African American art, literature, theater and music are integral to the cultural fabric of Chicago. While the many contributions of the area’s Black communities can be appreciated throughout the year, Black History Month (February) – which dates back over a century – is a special time for recognizing their important role in U.S. history.
Thanks to the important role Chicago played in Black history, the area is home to many fascinating landmarks that are worth the visit. Did you know the windy city’s founder, Jean Baptiste Point DuSable, was African American? Find out about his legacy and the many local landmarks, starting with DuSable’s home. Your local South Suburban Currency Exchange (SSCE) will get you started – ensuring your vehicle stickers are updated and your check is cashed before you hit the road.
DuSable Homesite at Pioneer Court
Jean Baptiste Pointe DuSable had been a prosperous farmer and fur trader. As lore has it, he was the first non-native to settle here. He established a trading settlement in the 1780s, nearly half a century before Chicago was incorporated as a city. Pioneer Court marks the site of DuSable’s 18th-century home and trading post. Today, you can visit the plaza at the junction of Upper Michigan Avenue and the Chicago River, in the city’s famed Magnificent Mile. A statue of DuSable marks the area on Michigan Avenue.
DuSable Museum of African American History
Every Illinoisan should visit the DuSable Museum of African American History, whose collection expands every year, located in Chicago’s historic Hyde Park neighborhood. What better time to check out its more than 15,000 pieces – from paintings sculptures to print works and historical memorabilia. The museum also hosts countless special workshops, lectures and exhibitions. Currently, they include one produced by actress Viola Davis and another celebrating Harold Washington, the city’s first Black mayor.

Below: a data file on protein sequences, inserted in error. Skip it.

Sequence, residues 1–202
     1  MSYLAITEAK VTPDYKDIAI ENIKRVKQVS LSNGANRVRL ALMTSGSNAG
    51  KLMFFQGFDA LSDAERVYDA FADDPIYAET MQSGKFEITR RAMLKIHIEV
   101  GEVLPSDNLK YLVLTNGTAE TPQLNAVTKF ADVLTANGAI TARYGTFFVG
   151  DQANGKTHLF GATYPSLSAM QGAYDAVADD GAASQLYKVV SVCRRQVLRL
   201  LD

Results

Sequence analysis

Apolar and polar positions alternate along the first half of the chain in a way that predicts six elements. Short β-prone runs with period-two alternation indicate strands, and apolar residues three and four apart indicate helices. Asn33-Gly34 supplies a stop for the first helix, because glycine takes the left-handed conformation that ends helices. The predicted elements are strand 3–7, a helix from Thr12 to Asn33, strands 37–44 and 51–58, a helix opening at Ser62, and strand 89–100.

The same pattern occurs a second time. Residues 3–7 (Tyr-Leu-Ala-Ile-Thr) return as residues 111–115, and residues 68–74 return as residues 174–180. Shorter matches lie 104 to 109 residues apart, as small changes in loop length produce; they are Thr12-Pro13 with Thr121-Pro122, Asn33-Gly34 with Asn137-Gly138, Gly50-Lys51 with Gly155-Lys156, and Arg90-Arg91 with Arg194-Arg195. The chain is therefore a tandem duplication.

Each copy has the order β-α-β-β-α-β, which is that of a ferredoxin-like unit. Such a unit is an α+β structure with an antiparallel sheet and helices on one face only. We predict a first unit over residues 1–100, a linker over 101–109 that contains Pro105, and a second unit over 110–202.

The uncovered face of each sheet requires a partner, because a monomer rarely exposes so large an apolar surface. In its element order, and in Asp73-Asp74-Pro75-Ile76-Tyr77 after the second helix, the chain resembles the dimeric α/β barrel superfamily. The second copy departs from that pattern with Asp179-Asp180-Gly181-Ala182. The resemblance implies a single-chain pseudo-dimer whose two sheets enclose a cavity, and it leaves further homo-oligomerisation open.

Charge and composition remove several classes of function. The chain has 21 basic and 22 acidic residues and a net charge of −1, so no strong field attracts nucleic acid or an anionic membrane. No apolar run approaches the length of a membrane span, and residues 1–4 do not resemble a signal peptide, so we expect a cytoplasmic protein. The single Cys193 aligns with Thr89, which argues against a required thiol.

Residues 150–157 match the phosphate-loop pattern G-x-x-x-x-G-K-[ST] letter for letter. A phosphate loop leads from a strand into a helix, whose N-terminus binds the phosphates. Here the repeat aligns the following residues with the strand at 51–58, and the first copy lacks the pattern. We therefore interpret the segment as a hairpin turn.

Chess Records Put Its Stamp on Illinois and the Country
Did you know Chuck Berry recorded some of his biggest hits at Chess Records in Chicago? Though the company is no longer in business, you can still stop by to pay tribute to the record label that helped give birth to rock & roll. Take a tour in the original Michigan Avenue building where numerous blues legends were recorded – from Muddy Waters and Howlin’ Wolf to Bo Diddley and Buddy Guy. (Call ahead for a tour.)
Monument to the Great Migration
The “Great Migration” refers to the period between 1910 and 1960 that brought hundreds of thousands of African Americans fleeing the Jim Crow South to Chicago and other northern cities. Alison Saar’s bronze figure near 25th Street and King Drive, just 10 minutes from the Loop, is a testament to the people who came in search of greater freedom and opportunity and created a vibrant community despite segregation. In the monument, a traveler’s hand is raised to the north in recognition of his new destination. His other hand carries a suitcase that symbolizes his journey and aspirations.
On your way out, swing by the Victory Monument. Erected in 1927, it is located at 3500 South Martin Luther King Drive in the city’s Bronzeville neighborhood. This monument honors the Eighth Regiment of the Illinois National Guard, an African-American unit that served in World War I. The names of 137 infantry members who lost their lives are inscribed on a bronze panel.
Warm Yourself with Some Traditional Soul Food
One of many contributions of Black culture to the city is its rich tradition of soul food, a cuisine originating in the South. There are many cafes and restaurants throughout the Chicago area that serve up delicious, heart-warming dishes. This list tells visitors where they can go to indulge in “smothered meats, collard greens, peach cobbler” and more.
Take in Some Live Blues or Jazz Music
In Chicago, music can’t be separated from Black history. After visiting the landmarks above, take a moment to recognize the contributions to jazz and blues music of African American musicians. Sure, you don’t need to leave your house to enjoy some historic tunes. But why not support local blues and jazz haunts that are part and parcel of the African American legacy in this country? Notable stops on your tour (if rules permit) should include Buddy Guy’s Legends – you might see the legend himself! – Jazz Showcase or Green Mill.
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